Drawing Table

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Project by Christophret posted 12-06-2012 11:59 PM 5102 views 20 times favorited 9 comments Add to Favorites Watch

I saw a drawing table like this a few years ago but couldnt afford it, So I decided to make my own.
I did it all from memory and stayed within nominal dimensions, worked out well.

I made a few changes such as using dowels to construct it and a beautiful 1” fir plywood for the top,
which is special to me becuase of it’s age and source. The rest of it is cabinet grade baltic birch with a few pieces of pine for latteral supports. very few mechanical connections, only a few where the most stress is like the hinge ledge. I used to be an illustration major and I’ve been drawing things since I could hold a pencil. So a nice table was always on my bucket list.

I mainly use it to redraw some older scroll saw patterns and a place to throw all the bills and mail.
I have yet to put a finish on it which will be a clear poly and may laminate the top with a matte black formica.
Thanks for looking!

-- I cut it twice and it's still too short!

9 comments so far

View Monte Pittman's profile

Monte Pittman

30659 posts in 3670 days

#1 posted 12-07-2012 01:41 AM

Great thought process. Really good construction.

-- Nature created it, I just assemble it.

View Woodbridge's profile


3751 posts in 3749 days

#2 posted 12-07-2012 03:03 PM

My son is in need of a drawing/drafting table. This is an interesting design. It looks really good. Another project to add to my list.

-- Peter, Woodbridge, Ontario

View Sylvain's profile


1511 posts in 3831 days

#3 posted 12-07-2012 03:32 PM

Nice table.

Do you use a tee square?
If yes,
How did you ensure the top and left(or right) edges a perfectly perpendicular?

Descriptive geometry can give solutions rapidly without formulas.
Knowing how to draw is allways usefull to mark the boards themselves.
I still have to start to use a CAD software.
The problem with CAD is that you have to use it frequently; otherwise you forget how it works.

Have a look on those sites:

-- Sylvain, Brussels, Belgium, Europe - The more I learn, the more there is to learn (and that is nice)

View Christophret's profile


150 posts in 3333 days

#4 posted 12-08-2012 12:21 AM

Thanks Guys!

No CAD here. Everything you see here was done by hand, from layout to construction.
No fancy tools either, circular saw, jig saw, router with flushing bit and a hand drill.

Ironicly enough: I ensured the perfect perpendicularity by using a T-square. :)
While I didn’t put it through micrometer testing, I did make sure the top was as square a humanly possible.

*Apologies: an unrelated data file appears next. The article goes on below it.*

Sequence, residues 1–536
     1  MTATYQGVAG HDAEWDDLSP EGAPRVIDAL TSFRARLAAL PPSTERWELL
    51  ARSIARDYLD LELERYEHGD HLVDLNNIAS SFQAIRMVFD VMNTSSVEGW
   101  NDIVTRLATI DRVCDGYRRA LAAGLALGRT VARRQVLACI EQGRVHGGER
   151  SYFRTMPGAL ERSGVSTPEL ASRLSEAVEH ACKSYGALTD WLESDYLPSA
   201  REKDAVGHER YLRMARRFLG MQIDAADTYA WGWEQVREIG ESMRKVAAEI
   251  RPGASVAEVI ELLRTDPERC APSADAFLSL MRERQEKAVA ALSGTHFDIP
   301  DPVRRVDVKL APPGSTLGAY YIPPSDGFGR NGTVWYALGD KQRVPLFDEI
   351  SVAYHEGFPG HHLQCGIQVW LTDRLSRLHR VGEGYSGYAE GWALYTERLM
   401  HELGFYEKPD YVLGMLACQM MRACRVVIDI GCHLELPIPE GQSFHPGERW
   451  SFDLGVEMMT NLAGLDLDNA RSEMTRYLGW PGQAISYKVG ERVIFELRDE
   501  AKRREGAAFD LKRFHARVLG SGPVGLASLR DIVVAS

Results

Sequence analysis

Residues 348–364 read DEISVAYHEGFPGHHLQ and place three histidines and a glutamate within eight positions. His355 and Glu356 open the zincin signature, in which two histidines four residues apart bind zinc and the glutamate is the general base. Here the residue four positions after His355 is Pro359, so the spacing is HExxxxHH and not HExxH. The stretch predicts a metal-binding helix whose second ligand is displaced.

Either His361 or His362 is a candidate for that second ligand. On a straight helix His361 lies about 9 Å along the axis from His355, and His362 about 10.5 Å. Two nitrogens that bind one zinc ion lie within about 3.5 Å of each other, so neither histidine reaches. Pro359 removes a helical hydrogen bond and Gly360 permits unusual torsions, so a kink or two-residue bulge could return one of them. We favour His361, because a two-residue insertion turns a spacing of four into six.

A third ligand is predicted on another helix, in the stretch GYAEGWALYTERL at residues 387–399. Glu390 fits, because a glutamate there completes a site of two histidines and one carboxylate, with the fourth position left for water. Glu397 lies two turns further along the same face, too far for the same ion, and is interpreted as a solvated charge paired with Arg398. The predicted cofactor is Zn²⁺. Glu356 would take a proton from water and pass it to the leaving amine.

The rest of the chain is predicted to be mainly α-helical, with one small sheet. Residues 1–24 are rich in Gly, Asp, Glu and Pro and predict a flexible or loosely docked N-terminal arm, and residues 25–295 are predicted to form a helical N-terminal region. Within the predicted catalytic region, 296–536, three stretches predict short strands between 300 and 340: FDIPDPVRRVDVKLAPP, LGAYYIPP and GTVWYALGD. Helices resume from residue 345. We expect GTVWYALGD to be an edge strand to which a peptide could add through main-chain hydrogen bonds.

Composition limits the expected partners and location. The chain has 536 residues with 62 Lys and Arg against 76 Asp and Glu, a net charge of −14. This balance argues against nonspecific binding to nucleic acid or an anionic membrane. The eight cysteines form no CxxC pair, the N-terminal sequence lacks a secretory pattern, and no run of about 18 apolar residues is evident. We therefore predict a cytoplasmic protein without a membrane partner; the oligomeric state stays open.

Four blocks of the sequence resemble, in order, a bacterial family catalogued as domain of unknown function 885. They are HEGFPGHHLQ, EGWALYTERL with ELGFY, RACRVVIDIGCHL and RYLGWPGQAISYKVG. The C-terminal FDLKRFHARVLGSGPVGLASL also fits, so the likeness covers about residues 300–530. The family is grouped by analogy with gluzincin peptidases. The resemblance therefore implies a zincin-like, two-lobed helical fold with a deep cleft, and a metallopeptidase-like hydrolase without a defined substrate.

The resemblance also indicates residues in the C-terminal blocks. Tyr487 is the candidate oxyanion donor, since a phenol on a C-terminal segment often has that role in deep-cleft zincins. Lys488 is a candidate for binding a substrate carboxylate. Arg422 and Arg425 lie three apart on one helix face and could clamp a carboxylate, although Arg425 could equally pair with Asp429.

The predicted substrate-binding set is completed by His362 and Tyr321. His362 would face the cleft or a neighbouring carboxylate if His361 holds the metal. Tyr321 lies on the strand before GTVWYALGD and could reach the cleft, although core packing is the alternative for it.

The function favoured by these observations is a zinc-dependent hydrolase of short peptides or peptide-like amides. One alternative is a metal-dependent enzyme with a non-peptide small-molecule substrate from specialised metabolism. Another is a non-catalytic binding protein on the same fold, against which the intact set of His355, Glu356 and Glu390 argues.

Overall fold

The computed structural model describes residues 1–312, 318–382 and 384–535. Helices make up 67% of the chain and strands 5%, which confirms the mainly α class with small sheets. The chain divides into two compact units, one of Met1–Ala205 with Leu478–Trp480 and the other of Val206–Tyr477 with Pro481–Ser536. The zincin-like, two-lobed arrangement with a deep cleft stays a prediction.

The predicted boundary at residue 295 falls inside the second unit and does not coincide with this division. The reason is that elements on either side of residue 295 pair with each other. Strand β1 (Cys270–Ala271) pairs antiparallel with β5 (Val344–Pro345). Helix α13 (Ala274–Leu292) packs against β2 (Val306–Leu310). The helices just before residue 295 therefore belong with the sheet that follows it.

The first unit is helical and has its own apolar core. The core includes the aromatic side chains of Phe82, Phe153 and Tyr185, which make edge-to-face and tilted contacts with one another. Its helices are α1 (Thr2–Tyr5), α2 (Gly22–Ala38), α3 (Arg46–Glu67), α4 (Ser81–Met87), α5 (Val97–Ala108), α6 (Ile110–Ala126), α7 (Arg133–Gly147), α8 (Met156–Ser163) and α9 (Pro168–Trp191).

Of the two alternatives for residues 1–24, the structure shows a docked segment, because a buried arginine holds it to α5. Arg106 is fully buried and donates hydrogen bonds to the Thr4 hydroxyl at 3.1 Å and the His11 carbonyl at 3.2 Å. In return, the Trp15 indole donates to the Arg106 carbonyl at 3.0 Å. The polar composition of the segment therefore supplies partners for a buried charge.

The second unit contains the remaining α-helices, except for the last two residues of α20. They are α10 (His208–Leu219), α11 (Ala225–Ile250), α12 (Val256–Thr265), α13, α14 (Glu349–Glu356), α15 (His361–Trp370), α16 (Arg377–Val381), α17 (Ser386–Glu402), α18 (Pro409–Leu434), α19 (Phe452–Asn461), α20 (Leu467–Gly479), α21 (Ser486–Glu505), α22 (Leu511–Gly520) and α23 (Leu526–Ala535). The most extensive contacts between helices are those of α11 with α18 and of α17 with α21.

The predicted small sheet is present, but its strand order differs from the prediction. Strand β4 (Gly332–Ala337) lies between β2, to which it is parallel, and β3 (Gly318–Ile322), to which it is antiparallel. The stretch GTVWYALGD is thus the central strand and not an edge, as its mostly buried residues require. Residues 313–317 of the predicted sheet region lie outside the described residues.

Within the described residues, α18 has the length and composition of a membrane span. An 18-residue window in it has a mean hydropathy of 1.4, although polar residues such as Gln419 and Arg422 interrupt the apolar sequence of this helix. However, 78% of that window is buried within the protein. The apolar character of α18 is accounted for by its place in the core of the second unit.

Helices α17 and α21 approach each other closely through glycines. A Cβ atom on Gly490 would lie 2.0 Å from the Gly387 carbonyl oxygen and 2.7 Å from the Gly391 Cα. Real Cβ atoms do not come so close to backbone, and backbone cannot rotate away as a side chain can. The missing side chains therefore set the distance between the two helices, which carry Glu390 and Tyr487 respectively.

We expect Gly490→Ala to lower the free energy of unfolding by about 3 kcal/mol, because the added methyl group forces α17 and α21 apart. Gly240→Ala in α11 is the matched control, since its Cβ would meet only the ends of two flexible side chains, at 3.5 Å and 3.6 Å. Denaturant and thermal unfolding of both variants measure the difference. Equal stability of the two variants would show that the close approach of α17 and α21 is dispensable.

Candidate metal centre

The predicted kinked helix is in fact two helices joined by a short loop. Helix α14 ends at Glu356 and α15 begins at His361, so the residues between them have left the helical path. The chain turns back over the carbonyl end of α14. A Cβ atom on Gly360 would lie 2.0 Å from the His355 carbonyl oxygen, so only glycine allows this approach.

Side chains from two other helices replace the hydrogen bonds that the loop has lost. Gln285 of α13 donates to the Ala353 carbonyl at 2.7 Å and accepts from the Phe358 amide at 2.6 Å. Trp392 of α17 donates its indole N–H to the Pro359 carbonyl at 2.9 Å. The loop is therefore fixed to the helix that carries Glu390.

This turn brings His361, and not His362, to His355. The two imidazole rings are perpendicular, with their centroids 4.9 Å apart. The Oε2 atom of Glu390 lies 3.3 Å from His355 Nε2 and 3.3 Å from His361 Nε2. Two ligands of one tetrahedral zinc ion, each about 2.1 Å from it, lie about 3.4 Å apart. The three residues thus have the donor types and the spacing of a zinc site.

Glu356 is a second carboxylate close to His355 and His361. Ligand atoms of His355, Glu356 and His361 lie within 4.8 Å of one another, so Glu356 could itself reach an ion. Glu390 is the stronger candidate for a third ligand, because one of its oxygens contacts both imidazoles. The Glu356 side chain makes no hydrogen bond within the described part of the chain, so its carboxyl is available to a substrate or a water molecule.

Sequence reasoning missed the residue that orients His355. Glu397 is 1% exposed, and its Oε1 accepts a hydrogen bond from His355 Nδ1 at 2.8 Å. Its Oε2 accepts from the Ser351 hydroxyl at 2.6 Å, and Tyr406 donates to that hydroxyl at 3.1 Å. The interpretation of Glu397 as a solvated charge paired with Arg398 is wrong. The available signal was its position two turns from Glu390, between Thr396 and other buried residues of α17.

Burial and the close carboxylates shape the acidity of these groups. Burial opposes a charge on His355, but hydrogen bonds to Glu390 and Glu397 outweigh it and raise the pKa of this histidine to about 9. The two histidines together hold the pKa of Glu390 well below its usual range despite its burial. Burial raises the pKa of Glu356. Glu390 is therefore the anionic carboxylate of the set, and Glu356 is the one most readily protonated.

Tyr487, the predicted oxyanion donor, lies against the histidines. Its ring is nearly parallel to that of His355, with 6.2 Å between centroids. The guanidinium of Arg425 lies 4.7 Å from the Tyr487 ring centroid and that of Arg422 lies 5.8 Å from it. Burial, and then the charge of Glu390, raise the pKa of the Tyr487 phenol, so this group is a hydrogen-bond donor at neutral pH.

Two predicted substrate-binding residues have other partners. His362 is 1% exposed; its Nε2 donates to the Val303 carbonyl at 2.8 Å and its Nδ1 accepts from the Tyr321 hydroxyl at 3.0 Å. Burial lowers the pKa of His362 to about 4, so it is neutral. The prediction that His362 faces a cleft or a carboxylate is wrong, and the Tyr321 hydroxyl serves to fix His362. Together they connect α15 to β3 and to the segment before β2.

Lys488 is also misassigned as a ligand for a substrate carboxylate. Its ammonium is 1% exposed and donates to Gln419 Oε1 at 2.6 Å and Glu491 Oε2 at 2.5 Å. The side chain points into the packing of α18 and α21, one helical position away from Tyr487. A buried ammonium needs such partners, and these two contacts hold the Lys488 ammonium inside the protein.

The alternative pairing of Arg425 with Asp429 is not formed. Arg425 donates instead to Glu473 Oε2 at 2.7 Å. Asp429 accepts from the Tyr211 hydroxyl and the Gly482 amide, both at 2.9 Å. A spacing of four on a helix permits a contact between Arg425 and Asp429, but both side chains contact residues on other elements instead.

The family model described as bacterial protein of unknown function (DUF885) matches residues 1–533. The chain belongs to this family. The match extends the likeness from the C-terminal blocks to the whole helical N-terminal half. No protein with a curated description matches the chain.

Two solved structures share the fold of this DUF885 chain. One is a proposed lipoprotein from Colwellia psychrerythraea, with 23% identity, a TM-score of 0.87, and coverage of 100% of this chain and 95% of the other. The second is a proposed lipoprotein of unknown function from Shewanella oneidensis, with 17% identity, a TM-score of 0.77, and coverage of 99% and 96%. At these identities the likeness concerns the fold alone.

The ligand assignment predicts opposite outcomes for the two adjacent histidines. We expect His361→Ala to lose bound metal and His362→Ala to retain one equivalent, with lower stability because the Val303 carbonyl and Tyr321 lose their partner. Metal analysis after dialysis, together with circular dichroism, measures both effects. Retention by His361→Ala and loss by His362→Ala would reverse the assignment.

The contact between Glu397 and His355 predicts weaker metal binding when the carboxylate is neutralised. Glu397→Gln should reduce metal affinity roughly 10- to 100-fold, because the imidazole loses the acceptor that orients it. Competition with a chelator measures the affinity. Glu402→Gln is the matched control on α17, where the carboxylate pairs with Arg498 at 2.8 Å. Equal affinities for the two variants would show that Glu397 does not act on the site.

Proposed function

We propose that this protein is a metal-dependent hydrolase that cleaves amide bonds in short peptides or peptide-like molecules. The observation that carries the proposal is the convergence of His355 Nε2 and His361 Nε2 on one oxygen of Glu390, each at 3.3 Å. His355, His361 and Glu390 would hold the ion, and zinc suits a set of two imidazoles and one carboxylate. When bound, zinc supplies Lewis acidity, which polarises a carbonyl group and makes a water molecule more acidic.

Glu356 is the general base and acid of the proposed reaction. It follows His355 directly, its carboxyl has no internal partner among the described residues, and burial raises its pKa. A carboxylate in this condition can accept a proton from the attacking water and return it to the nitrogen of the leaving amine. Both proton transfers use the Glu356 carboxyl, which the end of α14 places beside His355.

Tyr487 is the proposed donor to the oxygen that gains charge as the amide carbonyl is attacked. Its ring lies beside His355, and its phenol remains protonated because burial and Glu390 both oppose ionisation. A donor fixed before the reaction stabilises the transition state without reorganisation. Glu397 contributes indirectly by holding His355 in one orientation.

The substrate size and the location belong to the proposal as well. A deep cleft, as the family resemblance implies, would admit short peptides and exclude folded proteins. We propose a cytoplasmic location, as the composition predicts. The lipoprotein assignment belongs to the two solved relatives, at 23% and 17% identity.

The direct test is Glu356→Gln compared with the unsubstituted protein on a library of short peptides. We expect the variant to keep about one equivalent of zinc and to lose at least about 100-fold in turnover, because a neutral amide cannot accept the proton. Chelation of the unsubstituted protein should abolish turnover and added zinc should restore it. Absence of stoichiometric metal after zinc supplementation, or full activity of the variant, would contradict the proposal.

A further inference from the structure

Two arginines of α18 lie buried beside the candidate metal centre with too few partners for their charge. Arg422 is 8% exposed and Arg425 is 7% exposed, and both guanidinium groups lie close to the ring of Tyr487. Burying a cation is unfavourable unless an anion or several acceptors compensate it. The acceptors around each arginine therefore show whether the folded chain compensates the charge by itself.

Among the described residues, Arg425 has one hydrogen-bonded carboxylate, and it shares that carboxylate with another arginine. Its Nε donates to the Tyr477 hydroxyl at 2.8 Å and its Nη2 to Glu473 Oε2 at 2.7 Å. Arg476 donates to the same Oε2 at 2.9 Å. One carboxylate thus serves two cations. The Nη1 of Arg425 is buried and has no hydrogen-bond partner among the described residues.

Which is a bold statment, But i will double check in some mannor to see if I did achive perfect perpendicularity. Because now you have me wondering: how human am I ?

-- I cut it twice and it's still too short!

View MonteCristo's profile


2099 posts in 3520 days

#5 posted 12-08-2012 01:26 AM

When I saw that plywood top, I figured it must be vintage. I remember when Douglas Fir plywood like that was being pumped out by mills here in BC and shipped worldwide. Not any more . . .

Good looking drawing table !

-- Dwight - "Free legal advice available - contact Dewey, Cheetam & Howe""

View walden's profile


1552 posts in 3354 days

#6 posted 12-08-2012 02:47 PM

Very cool design! I currently work off a store bought drafting table that has no character. I have been planning to build a drafting/drawing table to replace it. Your design is not only interesting, it also allows you to put the image vertical, which would be great for drawing. Thanks for sharing!

-- "I am hiring a realtor if and when the day comes a lion is on my roof."

View ChrisK's profile


2061 posts in 4413 days

#7 posted 12-10-2012 01:28 PM

That is one good looking design. I have an old draftsman table that unfortunately was used as a mat cutting board for the last 10 years of its life before I got. The top was pretty scored up. I sanded some it out and used it to hold my CAD computer.

Great job.

-- Chris K

View DeckApe's profile


9 posts in 3286 days

#8 posted 01-18-2013 02:07 PM

RE: the T-square question. Anyone wanting or needing a T-Square for a project like this might consider a T-Square used by sheetrock (drywall) workers. They are 4 feet long, and about 24” wide at the “T”, usually aluminum, and sell for under $10 US at most ‘Big Box’ stores (Lowes, HD, and others)

-- You're want to do what with WHAT? Now that is a good idea!

View helluvawreck's profile


32122 posts in 4198 days

#9 posted 01-18-2013 02:13 PM

That is an unusual design and looks very nice. Congratulations.

helluvawreck aka Charles

-- helluvawreck aka Charles,

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